the Following poster
Exploring Inception’s twists and inspirations online after viewing, I was quickly disabused of the notion that it was Christopher Nolan’s sixth feature. His career, early shorts aside, did not begin with Memento. It launched with a 70-minute, “no-budget” film called Following released in 1999.
While the movie doesn’t, to me, provide any of the clues to Inception’s potential interpretation that certain sly comments about it suggested, it’s definitely worth a look if you’re a Nolan admirer or merely curious. You can place it in the context of his oeuvre’s ruminations on the nature of identity, unreliable narrators/narratives, and often idiosyncratic approaches to storytelling. Or you can just watch it as the work of a talented new filmmaker making the most of his limited resources, a decade before The Dark Knight would become an international, critically acclaimed franchise smash (despite not being very good; I await your letters). Either way, the thing itself is compelling enough that it’s hardly time wasted.
Following mostly follows Bill, who, unemployed and interested in becoming a writer, has taken up following people on the crowded London streets. The idea at first is to become intrigued by strangers’ routines to the extent that it sparks his imagination, but — under the name Daniel Lloyd — Bill is soon deeper in at least one man’s business than he intended.
Theobald as The Young Man, Haw as Cobb, and Russell as The Lady
“My name’s Cobb,” says the man, and, yes, Cobb is also the name of Leonardo DiCaprio’s character in Inception, but I don’t see evidence of any deeper meaning in that repetition than Nolan favoring certain actors or themes — except perhaps as a wink to those in the know. Alex Haw, who plays Cobb, has both the looks and the rakish charm of a mashup between Peter Dinklage and Hugh Grant. Bill is portrayed by Jeremy Theobald, who once clean-shaven resembles a skinny, less confident Robert Mitchum with bits of David Bowie and Kevin Rahm. Lucy Russell, as The Lady, is unfortunately not as strong a screen presence as her co-stars, but don’t let the generic name fool you as to her importance; Bill is referred to in the credits simply as The Young Man, and the main cast is rounded out by The Bald Man and The Policeman.
There are aspects of noir in all Nolan’s movies, if you care to apply that label beyond
its origins in 1940s American cinematic stews of sex, crime, and psychodrama. In terms of its plot, Following echoes the neo-noir of 1997’s The Spanish Prisoner as much as it does 1944’s classic Double Indemnity, but its black-&-white, often chiaroscuro appearance ultimately — after the thrust of the plot becomes clear — reinforces its classification as almost textbook noir. That appearance is, like everything else about Following, purely down to Nolan as writer, director, and cinematographer.
Following’s chronological intercutting isn’t as profound or integral a part of the story
as Memento’s, although it certainly adds suspense to the conclusion. I suspect that it’s an integral part of the storytelling as far as Nolan is concerned, but it also feels a bit like a gimmick designed to keep both Nolan and the audience interested in a scenario that might otherwise be lacking meat — perhaps also strengthened by the taut running time and developments that are referenced or intuited yet not actually seen. The jumps back and forth in time are potentially confusing at first if one doesn’t know to expect them, but not nearly as distracting as the intermittent techno-synth soundtrack, which made me consider hitting mute and sticking to subtitles.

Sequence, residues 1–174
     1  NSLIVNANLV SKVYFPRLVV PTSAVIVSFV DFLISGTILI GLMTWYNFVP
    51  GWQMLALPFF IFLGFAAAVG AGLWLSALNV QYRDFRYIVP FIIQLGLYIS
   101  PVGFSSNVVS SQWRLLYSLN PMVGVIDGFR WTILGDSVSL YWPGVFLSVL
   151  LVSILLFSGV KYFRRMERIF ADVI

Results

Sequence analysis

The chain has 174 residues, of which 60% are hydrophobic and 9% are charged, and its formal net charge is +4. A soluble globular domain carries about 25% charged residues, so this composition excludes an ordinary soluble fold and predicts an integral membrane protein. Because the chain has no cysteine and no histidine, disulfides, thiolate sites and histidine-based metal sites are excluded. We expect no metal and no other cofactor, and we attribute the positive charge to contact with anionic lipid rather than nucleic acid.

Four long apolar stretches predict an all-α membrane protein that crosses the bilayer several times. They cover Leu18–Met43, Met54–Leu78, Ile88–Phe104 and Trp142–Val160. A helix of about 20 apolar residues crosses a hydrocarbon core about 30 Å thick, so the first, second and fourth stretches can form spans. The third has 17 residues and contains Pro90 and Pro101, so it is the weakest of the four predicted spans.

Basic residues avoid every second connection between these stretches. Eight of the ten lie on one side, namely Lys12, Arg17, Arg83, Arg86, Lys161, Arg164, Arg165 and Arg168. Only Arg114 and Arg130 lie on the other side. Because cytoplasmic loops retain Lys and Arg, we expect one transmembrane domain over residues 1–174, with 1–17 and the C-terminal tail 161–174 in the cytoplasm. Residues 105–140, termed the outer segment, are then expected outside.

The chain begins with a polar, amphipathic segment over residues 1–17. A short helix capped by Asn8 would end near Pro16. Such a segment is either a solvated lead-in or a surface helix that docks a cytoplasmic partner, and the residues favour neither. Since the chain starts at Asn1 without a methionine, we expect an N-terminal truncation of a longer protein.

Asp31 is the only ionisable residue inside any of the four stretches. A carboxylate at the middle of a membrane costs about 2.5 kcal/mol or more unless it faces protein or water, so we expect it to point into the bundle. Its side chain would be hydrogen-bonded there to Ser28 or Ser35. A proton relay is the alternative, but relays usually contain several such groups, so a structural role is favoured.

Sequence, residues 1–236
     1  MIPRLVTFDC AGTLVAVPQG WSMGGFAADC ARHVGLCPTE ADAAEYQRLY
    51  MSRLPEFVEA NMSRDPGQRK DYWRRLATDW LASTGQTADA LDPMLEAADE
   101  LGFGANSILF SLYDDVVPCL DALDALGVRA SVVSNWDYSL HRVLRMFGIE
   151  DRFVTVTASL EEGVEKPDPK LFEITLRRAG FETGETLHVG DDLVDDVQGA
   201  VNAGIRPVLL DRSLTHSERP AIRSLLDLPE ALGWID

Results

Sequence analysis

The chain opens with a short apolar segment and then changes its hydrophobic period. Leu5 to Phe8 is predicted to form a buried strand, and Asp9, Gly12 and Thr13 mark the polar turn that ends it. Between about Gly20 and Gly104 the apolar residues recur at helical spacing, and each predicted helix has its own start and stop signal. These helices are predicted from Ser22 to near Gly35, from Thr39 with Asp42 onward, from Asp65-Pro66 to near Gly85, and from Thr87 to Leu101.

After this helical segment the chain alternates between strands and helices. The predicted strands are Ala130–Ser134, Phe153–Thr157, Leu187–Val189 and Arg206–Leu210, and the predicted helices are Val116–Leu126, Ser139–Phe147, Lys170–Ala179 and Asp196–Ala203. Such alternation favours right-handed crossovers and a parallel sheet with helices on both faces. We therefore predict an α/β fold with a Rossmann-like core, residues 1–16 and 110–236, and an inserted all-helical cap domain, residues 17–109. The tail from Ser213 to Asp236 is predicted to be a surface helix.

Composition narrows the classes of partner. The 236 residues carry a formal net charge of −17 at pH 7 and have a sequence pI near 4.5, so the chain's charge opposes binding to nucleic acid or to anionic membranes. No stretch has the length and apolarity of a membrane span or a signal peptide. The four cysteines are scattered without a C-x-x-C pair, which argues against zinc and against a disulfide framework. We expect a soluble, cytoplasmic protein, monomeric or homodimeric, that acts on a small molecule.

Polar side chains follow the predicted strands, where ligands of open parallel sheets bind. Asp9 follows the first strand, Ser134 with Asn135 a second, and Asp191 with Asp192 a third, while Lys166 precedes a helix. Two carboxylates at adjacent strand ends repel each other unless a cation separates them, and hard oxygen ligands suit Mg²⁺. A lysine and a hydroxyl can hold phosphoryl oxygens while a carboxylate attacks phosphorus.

duality, shadows, and a remarkably prescient sign of things to come
Like his Inception namesake, Cobb’s a thief — and it just occurred to me even as he merely enters people’s homes rather than their dreams he nevertheless gets inside Bill’s head. The Cobb of Following also makes his burglaries as intimate an act as Inception’s subconscious invasions; he delights in not only taking random items in addition to valuables but sometimes planting new ones (shades of Inception) to create a chaos and unease in his victims (exactly what Inception’s Cobb tries to avoid), which he proclaims will lead to self-enlightenment.
“Everyone has a box,” Cobb says to Bill of his favorite discovery at each address, an “unconscious collection” of, you’ll pardon the term, mementos that define them more truly than the display they put on for themselves and others through their intentional decor. And while standing by my earlier assertion that Following’s Cobb is not some kind of explicit doppelganger of Inception’s, further parallels between Nolan’s first and latest features do become apparent in thinking about the box and its keepsakes. It’s hardly a Rosetta Stone, but Following is clearly of a piece with the filmmaker’s body of work, enjoyable in its own right and essential viewing in a comparative study.
Following is available on disc from Sony, presented by Next Wave and produced by Nolan with Jeremy Theobald and Emma Thomas. Special features include commentary from Nolan, the ability to see alternate camera angles with the shooting script, and an option to play scenes from the film in chronological order. [Update: It has since been re-released under the Criterion Collection banner from a newly restored digital transfer with other extras.]
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